Managing Facebook’s New News Feed and Ticker
The News Feed is where you read all of your friends’ status updates on Facebook. You find the News Feed on your Facebook Home page, and for many users it is the main thing they read on Facebook.
Over the years, however, Facebook has faced criticism from some users that their News Feeds were becoming increasingly clogged with too many status updates. That’s a problem if you have a ton of Facebook friends, of course, but the only option was to defriend some of those friends or hide their posts.
Listening to this criticism, Facebook recently revamped the News Feed, in an effort to display only the most relevant posts from one’s friends. The new News Feed is segmented into Top Stories (the stuff you’ll probably be most interested in) and Recent Stories (everything else). In addition, Facebook added a new Ticker next to the News Feed that streams everything your friends are doing, in real time.
Not everyone likes these changes, of course; Facebook tends to face criticism both if it doesn’t change unwieldy features and when it does. (Some people just don’t like change.) Like it or not, however, the new News Feed and Ticker are here, so you might as well learn how to get the most from them.
Getting to Know the New News Feed
You view the News Feed on the Facebook Home page (see Figure 1). It’s how you keep abreast of the latest comings and goings of people on your Facebook friends list; the news feed displays a constant feed of status updates and other activity.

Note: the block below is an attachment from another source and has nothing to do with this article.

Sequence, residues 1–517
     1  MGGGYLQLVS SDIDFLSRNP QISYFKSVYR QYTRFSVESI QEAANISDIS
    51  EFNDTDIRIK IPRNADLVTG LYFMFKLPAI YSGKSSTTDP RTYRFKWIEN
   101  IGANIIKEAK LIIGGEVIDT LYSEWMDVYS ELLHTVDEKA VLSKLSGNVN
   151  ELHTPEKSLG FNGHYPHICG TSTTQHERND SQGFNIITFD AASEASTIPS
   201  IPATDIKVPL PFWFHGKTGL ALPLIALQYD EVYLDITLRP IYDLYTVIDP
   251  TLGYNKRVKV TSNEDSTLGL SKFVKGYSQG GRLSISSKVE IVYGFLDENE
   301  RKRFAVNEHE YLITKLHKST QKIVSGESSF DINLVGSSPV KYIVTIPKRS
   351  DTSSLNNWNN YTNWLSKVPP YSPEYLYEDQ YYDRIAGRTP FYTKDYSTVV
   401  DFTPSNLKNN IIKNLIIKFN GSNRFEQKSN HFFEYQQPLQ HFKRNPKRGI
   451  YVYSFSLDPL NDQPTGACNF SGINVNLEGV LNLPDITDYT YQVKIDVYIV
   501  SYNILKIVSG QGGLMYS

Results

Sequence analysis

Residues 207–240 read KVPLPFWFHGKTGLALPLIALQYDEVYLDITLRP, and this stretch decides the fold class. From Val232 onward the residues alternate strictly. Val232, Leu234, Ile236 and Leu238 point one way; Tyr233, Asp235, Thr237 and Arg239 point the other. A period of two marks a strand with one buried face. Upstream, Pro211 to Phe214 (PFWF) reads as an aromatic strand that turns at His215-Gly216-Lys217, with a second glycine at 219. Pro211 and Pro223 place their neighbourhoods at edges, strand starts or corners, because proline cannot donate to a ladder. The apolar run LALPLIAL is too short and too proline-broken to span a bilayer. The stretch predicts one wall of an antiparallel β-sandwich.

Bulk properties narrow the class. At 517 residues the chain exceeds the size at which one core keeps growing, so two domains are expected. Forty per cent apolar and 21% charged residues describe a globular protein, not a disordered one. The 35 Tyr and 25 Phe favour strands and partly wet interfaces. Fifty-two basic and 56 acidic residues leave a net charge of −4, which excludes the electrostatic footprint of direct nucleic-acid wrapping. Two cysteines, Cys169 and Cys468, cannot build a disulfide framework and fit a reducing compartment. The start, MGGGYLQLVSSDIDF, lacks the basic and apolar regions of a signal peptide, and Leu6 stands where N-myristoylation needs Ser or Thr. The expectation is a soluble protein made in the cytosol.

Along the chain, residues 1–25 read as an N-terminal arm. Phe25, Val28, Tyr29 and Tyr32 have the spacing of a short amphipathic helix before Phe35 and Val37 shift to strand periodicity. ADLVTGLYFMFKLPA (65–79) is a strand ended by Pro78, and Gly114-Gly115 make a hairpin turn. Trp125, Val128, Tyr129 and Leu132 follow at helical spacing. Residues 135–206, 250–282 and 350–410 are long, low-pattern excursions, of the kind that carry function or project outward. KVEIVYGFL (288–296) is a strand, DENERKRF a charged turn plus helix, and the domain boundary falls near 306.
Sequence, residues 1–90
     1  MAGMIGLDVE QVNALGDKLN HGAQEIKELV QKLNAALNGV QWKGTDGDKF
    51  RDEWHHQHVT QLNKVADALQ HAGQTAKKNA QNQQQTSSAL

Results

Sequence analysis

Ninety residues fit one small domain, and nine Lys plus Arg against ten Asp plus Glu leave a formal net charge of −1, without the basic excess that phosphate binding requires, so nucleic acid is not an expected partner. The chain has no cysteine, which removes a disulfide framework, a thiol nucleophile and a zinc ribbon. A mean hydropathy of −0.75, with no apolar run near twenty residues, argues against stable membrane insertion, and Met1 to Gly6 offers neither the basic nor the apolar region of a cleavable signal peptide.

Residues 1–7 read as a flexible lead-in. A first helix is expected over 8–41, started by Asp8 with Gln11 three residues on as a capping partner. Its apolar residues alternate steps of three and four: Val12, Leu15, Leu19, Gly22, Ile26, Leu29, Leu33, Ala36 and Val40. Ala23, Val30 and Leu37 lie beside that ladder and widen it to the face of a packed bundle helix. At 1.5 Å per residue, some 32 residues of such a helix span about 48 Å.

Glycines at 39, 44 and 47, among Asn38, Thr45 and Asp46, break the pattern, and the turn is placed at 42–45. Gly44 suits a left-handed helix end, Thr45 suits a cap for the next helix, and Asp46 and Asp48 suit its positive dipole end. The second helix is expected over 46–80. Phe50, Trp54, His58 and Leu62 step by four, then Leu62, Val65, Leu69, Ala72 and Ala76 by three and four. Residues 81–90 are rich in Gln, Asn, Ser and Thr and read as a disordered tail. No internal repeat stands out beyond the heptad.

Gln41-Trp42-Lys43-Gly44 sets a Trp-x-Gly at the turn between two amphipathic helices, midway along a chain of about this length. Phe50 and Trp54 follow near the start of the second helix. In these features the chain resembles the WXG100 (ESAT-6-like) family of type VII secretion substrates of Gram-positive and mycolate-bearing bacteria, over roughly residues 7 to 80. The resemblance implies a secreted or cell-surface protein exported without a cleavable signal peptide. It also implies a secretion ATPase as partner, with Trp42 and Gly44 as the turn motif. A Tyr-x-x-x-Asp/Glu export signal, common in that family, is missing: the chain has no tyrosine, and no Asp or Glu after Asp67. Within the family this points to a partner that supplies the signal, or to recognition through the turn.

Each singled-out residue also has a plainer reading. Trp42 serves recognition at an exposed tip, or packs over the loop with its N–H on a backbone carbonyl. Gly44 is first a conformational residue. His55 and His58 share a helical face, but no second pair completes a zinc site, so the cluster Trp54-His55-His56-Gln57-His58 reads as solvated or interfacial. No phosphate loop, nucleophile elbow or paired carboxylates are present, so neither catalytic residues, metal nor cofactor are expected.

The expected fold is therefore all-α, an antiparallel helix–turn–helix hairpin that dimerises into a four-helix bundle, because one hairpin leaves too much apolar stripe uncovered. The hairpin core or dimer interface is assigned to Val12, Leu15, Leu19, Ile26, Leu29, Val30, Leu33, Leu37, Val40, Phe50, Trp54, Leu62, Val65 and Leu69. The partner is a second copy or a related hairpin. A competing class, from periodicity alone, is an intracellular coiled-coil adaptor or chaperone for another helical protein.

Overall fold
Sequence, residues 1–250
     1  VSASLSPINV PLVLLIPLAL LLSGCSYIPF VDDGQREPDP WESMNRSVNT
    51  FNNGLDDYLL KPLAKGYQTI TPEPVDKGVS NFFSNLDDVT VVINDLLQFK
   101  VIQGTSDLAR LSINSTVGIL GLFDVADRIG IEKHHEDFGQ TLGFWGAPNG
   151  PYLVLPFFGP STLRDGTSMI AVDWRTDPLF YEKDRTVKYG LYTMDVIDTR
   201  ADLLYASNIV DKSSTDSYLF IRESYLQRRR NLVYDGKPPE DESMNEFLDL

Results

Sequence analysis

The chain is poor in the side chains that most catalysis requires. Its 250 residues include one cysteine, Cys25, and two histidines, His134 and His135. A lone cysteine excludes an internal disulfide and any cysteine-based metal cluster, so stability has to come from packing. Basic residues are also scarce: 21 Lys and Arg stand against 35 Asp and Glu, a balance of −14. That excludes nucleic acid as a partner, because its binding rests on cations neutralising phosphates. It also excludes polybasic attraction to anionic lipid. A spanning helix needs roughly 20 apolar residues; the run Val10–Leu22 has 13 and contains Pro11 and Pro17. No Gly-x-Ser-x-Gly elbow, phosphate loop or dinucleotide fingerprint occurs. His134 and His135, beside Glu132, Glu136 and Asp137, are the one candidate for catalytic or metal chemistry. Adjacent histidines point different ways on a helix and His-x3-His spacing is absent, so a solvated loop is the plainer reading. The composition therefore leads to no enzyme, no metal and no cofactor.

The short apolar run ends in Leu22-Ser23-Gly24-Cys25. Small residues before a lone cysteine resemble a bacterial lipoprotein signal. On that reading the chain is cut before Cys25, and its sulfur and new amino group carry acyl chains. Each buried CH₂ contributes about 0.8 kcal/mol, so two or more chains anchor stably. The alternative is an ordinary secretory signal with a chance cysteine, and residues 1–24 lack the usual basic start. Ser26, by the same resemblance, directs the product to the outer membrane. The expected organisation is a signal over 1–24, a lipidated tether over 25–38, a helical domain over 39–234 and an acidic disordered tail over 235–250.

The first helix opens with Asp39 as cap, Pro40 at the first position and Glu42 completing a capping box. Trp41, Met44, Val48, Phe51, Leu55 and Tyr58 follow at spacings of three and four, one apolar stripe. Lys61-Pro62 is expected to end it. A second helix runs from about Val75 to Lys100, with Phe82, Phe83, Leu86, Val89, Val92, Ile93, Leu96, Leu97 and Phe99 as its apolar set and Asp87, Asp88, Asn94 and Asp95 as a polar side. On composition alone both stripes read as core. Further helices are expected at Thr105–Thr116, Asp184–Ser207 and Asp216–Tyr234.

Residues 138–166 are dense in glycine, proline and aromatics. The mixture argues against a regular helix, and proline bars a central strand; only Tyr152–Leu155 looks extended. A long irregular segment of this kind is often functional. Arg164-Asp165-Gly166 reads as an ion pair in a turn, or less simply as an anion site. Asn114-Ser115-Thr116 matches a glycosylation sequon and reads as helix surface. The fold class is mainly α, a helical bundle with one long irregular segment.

Figure 1 Facebook’s new News FeedTop Stories at the top, Recent Stories below.
Unlike the old News Feed, which kind of lumped every update from everybody into a single list, Facebook divides its new News Feed into Top Stories and Recent Stories. Top Stories are those updates that Facebook feels are most important or interesting to you; Recent Stories are everything else. You can tell a Top Story from a Recent Story in that it has a little blue triangle in the top left of the item.
What constitutes a Top Story? It’s hard to tell. Facebook obviously tries to figure out the relative importance of an item, using some sort of fancy algorithm that supposedly considers how often an update has been viewed, how many comments there are on it, how many friends the poster has, and who knows what else. Whatever the formula, I’ve found that Facebook doesn’t often get it right; that is, the Top Stories I see in my News Feed tend to be weighted towards updates with photos or other images, often exclude posts from people I want to read about, and even more often include posts that I’m indifferent to. (You can fine-tune the feeds, however, which we’ll get to in a moment.)
The News Feed displays Top Stories first and Recent Stories after that, with updates within each section arranged in reverse chronological order. If there have been Recent Stories posted since the last Top Story, Facebook displays a “X More Recent Stories” link; click this link to skip through the older Top Stories and see the newer Recent Stories. (It’s a little confusing already, isn’t it?)